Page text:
# Monte Carlo Power calculation for Survival analysis in R

for a project I have to analyze two survival analysis treatment groups using R. I want to calculate the power and type I error rate of a test with Monte Carlo simulation to set up a phase 3 medical study, but I am struggling with the exact calculations and hypotheses.

Firstly, I fit models on my data which includes the usual survival analyis categories: survival time, a right-censoring indicator and the treatment (either a new experimental medicine or the normal one). The treatment 1 Kaplan Meier curve is closest to following an exponential distribution and the treatment 2 KM curve is closest to following a loglogistic curve. I came to these conclusions by calculating the AIC for lognormal, Weibull, exponential and loglogistic fits and then checking the residuals.

To test whether treatment 2 performs better, I used a Fleming-Harrington test in my Monte Carlo analysis with a few different weights. After this however, is where I run into problems.

library(survival)
library(flexsurv)
set.seed(141752)
S = 10000
rate1 = 0.00806
dropout_rate = 0.05
follow_up = 122
n1 = 150 - dropout_rate * 150
n2 = 150 - dropout_rate * 150
shape2 = 1.218
scale2 = 60.805

treatment_ratio =
vec_sim.surv1 = c()
vec_sim.surv2 = c()
sim.csurv1 = c() #censored data
sim.csurv2 = c()
cens_indic1 = c() #censoring indicators
cens_indic2 = c()
list_simdata1 = list()
list_simdata2 = list()
n_deaths1 = c()
n_deaths2 = c()
trt1_vec = rep(1, n1)
trt2_vec = rep(2, n2)
fh_0_1.result = c()
fh_1_1.result = c()
fh_.5_.5.result = c()
fh_.5_2.result = c()

for (i in 1:S){
sim.surv1 = rexp(n1, rate1) #generate random exponential data for group 1 with the found parameters
sim.csurv1 = sim.surv1

#censor treatment group 1 data at 122 days (4 months)
for (j in 1:length(sim.csurv1)){
if (sim.csurv1[j] > follow_up){
cens_indic1[j] = 0
sim.csurv1[j] = follow_up
}
else{
cens_indic1[j] = 1
}
}
sim.surv2 = rllogis(n2, shape2, scale2) #generate random log-logistic data for group 2 with the found parameters
sim.csurv2 = sim.surv2

#censor treatment group 2 data at 122 days (4 months)
for (q in 1:length(sim.csurv2)){
if (sim.csurv2[q] > follow_up){
cens_indic2[q] = 0
sim.csurv2[q] = follow_up
}
else{
cens_indic2[q] = 1
}
}
}

#Perform Fleming-Harrington test with different weights
fh_0_1 = logrank.test(time=df_simdata$$time, event=df_simdata$$censoring, group=df_simdata$$treatment, alternative='greater', rho=0, gamma=1) fh_1_1 = logrank.test(time=df_simdata$$time, event=df_simdata$$censoring, group=df_simdata$$treatment, alternative='greater', rho=1, gamma=1)
fh_.5_.5 = logrank.test(time=df_simdata$$time, event=df_simdata$$censoring, group=df_simdata$$treatment, alternative='greater', rho=0.5, gamma=0.5) fh_.5_2 = logrank.test(time=df_simdata$$time, event=df_simdata$$censoring, group=df_simdata$$treatment, alternative='greater', rho=0.5, gamma=2)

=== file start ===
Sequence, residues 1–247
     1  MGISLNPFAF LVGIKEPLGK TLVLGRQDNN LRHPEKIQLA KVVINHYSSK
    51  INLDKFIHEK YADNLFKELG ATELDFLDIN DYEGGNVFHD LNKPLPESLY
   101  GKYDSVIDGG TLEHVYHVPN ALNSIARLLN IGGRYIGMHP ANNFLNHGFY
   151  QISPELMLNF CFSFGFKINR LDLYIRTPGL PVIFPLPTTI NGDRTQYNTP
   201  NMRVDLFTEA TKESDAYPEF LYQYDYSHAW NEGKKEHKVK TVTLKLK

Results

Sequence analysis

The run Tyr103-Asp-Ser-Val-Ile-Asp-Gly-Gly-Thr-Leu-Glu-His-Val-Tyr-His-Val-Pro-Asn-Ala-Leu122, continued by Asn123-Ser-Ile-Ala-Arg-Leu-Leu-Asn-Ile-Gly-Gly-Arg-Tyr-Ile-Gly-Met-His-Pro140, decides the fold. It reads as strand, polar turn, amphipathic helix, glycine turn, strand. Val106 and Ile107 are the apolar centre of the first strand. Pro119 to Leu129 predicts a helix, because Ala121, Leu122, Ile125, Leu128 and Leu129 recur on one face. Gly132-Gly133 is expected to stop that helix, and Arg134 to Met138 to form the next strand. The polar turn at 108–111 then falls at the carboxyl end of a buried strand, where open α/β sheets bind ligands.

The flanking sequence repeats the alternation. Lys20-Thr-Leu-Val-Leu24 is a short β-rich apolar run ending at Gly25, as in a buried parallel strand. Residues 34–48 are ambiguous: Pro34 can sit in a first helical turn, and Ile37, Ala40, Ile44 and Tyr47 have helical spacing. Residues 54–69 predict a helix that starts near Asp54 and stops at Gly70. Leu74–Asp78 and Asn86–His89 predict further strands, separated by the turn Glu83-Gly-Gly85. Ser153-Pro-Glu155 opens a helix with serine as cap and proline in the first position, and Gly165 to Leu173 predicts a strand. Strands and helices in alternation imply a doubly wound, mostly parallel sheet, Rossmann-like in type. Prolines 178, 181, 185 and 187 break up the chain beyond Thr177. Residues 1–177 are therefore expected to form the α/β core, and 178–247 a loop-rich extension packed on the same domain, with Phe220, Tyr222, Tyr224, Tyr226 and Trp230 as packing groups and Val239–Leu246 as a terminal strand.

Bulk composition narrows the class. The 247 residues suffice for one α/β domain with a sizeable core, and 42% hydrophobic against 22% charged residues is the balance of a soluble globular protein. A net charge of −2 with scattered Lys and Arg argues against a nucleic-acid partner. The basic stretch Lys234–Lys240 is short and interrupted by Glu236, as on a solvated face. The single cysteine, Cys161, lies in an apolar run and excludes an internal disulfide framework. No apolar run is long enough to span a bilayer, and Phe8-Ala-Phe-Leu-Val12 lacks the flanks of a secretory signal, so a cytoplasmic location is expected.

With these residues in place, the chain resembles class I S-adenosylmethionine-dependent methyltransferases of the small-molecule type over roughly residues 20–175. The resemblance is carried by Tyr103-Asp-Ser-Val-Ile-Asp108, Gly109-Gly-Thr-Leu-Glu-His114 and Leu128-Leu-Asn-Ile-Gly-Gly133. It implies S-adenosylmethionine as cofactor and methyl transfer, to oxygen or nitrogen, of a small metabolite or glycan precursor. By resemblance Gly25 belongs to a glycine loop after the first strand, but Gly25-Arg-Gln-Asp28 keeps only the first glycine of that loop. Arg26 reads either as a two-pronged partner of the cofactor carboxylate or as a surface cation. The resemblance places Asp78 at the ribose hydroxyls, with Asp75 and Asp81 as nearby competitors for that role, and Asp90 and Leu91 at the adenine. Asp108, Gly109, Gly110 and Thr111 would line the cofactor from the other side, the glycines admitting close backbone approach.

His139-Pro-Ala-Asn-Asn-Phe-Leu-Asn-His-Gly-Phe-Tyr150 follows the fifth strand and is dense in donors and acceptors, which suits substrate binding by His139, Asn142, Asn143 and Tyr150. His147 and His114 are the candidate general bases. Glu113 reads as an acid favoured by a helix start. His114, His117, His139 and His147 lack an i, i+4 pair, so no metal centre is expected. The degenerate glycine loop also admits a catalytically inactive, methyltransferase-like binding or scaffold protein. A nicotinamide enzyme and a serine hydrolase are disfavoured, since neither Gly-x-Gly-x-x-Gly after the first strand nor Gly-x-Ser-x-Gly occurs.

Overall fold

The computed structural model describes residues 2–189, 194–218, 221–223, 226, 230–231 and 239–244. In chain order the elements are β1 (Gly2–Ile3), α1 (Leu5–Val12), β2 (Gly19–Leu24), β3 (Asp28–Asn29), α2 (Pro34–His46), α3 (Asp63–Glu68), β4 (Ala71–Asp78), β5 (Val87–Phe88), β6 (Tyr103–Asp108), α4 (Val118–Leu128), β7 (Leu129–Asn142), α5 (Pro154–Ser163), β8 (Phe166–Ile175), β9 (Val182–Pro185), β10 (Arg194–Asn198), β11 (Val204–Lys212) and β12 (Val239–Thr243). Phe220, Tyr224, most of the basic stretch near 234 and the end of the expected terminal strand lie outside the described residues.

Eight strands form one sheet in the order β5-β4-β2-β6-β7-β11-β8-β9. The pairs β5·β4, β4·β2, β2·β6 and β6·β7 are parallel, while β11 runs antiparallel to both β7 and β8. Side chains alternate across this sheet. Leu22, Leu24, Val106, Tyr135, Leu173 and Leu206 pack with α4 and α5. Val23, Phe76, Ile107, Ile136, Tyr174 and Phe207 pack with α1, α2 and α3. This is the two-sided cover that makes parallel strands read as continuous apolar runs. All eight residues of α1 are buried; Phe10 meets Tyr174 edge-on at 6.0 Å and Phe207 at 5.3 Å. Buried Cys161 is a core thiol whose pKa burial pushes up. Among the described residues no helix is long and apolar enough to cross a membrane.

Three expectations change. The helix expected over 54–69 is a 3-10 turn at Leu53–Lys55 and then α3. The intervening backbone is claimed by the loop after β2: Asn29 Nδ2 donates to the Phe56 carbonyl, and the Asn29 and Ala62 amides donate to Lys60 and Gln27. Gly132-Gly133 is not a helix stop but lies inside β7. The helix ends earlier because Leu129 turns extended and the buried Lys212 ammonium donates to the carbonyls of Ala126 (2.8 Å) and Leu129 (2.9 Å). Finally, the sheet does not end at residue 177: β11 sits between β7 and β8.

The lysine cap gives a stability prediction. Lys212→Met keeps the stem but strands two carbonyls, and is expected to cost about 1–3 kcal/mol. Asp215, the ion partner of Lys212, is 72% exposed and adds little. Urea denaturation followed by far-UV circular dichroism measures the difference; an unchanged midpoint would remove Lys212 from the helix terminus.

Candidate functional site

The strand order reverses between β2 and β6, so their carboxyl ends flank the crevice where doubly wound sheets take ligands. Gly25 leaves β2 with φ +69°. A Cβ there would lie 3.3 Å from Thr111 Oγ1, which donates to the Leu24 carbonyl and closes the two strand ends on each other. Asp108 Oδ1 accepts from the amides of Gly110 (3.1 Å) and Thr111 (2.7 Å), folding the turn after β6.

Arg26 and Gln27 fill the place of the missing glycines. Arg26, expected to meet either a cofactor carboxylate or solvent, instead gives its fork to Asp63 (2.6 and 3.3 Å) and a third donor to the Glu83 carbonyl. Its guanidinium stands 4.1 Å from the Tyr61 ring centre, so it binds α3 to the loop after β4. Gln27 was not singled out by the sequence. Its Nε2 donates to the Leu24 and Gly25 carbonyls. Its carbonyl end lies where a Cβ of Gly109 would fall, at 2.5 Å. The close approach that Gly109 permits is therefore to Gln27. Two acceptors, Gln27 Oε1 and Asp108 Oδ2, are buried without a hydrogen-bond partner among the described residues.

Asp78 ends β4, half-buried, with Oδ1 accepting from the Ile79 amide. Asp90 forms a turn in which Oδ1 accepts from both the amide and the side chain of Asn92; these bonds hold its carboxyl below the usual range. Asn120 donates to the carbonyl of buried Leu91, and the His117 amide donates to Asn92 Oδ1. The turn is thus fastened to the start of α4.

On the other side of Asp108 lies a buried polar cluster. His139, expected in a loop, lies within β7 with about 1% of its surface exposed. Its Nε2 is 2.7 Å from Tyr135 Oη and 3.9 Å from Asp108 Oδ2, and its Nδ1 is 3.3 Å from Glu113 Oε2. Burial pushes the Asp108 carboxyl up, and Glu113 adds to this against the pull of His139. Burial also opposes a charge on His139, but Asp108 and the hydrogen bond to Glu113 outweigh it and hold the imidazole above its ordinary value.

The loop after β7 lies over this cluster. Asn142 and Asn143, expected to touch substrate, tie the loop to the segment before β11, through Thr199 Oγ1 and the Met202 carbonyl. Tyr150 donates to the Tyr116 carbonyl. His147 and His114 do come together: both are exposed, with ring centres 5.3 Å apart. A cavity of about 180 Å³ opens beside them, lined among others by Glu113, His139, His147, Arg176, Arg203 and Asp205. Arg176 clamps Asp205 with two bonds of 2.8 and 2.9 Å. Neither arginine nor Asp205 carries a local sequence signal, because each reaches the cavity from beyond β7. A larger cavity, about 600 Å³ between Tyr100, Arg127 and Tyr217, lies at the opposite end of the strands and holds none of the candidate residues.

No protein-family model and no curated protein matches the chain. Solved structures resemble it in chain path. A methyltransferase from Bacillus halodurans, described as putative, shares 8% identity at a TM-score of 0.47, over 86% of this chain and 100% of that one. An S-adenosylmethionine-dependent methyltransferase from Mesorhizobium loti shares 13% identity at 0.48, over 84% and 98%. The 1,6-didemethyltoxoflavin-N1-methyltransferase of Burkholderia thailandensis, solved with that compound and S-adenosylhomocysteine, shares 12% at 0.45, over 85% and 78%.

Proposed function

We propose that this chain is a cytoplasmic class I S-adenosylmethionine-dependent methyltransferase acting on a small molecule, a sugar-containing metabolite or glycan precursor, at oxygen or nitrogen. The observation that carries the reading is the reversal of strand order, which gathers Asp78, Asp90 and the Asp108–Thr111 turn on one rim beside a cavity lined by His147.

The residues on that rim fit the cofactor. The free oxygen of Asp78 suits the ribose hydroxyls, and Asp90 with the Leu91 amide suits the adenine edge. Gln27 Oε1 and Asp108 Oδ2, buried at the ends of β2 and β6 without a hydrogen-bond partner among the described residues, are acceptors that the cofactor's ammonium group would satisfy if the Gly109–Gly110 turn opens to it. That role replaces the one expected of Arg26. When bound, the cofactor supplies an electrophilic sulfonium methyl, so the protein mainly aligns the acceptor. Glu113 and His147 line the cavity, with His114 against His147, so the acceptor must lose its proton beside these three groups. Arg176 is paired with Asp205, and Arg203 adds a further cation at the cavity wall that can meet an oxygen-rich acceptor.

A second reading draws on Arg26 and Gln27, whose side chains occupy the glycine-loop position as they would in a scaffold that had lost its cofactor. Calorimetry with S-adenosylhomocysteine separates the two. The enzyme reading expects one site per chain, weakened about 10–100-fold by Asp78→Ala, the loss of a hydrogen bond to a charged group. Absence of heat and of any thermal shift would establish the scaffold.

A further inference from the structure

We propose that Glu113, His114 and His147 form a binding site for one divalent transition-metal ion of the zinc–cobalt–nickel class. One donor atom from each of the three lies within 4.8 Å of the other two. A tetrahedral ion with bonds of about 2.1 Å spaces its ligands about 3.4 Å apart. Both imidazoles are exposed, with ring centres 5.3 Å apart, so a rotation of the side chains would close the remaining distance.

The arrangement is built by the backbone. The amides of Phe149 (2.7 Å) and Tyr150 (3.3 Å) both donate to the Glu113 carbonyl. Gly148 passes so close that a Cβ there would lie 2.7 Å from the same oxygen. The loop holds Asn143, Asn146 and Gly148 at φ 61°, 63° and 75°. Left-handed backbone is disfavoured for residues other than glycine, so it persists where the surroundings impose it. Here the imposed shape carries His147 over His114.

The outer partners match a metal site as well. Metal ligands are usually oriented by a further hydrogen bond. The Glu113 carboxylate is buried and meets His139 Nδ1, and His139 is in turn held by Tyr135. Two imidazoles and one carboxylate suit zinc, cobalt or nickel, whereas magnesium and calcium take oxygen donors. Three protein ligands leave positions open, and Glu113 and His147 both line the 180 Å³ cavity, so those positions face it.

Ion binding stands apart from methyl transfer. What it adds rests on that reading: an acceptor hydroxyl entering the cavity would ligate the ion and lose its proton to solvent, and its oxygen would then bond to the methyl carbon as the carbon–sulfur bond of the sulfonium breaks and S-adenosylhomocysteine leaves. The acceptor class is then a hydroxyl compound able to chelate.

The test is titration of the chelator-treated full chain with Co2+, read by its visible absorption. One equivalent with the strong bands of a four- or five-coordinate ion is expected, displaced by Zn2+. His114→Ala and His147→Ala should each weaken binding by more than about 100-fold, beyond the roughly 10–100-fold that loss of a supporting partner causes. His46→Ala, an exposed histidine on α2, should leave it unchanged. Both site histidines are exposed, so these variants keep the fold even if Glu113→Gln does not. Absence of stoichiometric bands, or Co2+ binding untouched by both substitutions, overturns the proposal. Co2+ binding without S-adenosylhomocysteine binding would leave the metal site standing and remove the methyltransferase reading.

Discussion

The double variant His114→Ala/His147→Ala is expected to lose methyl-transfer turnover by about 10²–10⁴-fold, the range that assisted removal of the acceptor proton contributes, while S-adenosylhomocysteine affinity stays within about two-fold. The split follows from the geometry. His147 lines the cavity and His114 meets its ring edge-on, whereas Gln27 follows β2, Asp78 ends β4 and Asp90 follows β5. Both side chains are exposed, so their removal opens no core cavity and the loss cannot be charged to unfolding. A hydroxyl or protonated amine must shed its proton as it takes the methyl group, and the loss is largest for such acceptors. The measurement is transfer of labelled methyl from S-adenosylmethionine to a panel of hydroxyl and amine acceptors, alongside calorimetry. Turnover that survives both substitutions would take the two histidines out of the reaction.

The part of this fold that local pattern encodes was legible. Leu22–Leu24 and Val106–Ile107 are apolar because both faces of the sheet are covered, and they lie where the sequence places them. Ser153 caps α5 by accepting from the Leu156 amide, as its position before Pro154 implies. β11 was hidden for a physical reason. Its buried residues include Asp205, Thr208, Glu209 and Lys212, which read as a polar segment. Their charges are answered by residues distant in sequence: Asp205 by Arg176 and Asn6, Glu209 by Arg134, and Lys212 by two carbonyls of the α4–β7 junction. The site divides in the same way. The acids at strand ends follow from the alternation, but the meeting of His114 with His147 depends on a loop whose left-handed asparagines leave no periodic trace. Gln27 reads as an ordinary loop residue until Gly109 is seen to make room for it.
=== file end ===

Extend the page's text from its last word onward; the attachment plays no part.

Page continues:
#append the p-value for each test to a vector
fh_0_1.result[i] = fh_0_1$$test$$p
fh_1_1.result[i] = fh_1_1$$test$$p
fh_.5_.5.result[i] = fh_.5_.5$$test$$p
fh_.5_2.result[i] = fh_.5_2$$test$$p

}

fh_0_1.value = sum(fh_0_1.result<0.05)/S
fh_1_1.value = sum(fh_1_1.result<0.05)/S
fh_.5_.5.value = sum(fh_.5_.5.result<0.05)/S
fh_.5_2.value = sum(fh_.5_2.result<0.05)/S


To calculate the fh_x_x.values, I mimicked code from a course I followed, in which power was calculated for a t-test:

set.seed(3)
S <- 1000
n <- 15
sigma <- sqrt(5/3)
mu0 <- 1
mu1 <- 1.75
result <- vector(length = S)
for (i in 1:S)
{
out <- rnorm(n, mu1, sigma)
onesamplettest <- t.test(out, mu=mu0)
result[i] <- onesamplettest\$p.value
}
power <- sum(result<0.05)/S           #we reject at a = 0.05
power
[1] 0.534


But I don't understand whether I'm generating data under the null hypothesis or the alternative hypothesis. I have stated my hypotheses as

H0: h1(t) <= h2(t)

HA: h1(t) > h2(t)

but I'm really not sure if these hypotheses are the correct choice.

My question therefore is, what exactly am I calculating in the fh_x_x.value? And are my hypotheses correct?

• Please explain why you are performing this power calculation. It sounds like you already have the data and the model to differentiate the treatment groups. If that's the case, then you already know if your study was adequately powered and there's not much point in post-hoc power analysis. Or are you setting up plans for a new study, based on pilot data? Please provide that information by editing the question, as comments are easy to overlook and can be deleted.
– EdM
Commented Nov 4, 2022 at 17:19
• Also, I don't see that you provide values for rate1,scale2 or shape2, or seeds set before the random sampling, so your code isn't reproducible. Please also add that information to the question and code.
– EdM
Commented Nov 4, 2022 at 17:24
• @EdM I have edited the question to include the complete code used for the simulation and added my goal for the power analysis Commented Nov 6, 2022 at 11:27
• Are the simulated data based on your current estimates for survival under the 2 treatments? Will the results be used for regulatory submission (e.g., FDA approval)? Please edit the question to provide that information. Also, look at this article for guidance on power for study design and the correct significance tests to use, depending on the hypothesis you want to test. Usually you use a null hypothesis of equal outcomes to document superiority.
– EdM
Commented Nov 10, 2022 at 19:01
• I fixed a couple of small items in the code you provided so that it would work as intended, but I'm not sure exactly how you put together the df_simdata data frame. Please add that to the code.
– EdM
Commented Nov 10, 2022 at 19:34